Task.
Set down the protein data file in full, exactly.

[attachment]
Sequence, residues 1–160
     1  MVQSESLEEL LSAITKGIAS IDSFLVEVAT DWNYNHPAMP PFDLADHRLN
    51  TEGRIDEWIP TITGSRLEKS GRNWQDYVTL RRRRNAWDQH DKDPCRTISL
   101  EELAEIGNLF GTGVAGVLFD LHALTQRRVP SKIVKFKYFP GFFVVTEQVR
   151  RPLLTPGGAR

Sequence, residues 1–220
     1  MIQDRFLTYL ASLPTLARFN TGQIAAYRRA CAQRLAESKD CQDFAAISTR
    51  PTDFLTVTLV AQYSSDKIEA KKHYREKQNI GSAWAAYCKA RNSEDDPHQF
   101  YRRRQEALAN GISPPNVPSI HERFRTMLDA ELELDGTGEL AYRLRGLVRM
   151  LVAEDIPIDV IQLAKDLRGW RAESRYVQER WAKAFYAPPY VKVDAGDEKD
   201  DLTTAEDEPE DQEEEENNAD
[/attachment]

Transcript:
Sequence, residues 1–160
     1  MVQSESLEEL LSAITKGIAS IDSFLVEVAT DWNYNHPAMP PFDLADHRLN
    51  TEGRIDEWIP TITGSRLEKS GRNWQDYVTL RRRRNAWDQH DKDPCRTISL
   101  EELAEIGNLF GTGVAGVLFD LHALTQRRVP SKIVKFKYFP GFFVVTEQVR
   151  RPLLTPGGAR

Sequence, residues 1–220
     1  MIQDRFLTYL ASLPTLARFN TGQIAAYRRA CAQRLAESKD CQDFAAISTR
    51  PTDFLTVTLV AQYSSDKIEA KKHYREKQNI GSAWAAYCKA RNSEDDPHQF
   101  YRRRQEALAN GISPPNVPSI HERFRTMLDA ELELDGTGEL AYRLRGLVRM
   151  LVAEDIPIDV IQLAKDLRGW RAESRYVQER WAKAFYAPPY VKVDAGDEKD
   201  DLTTAEDEPE DQEEEENNAD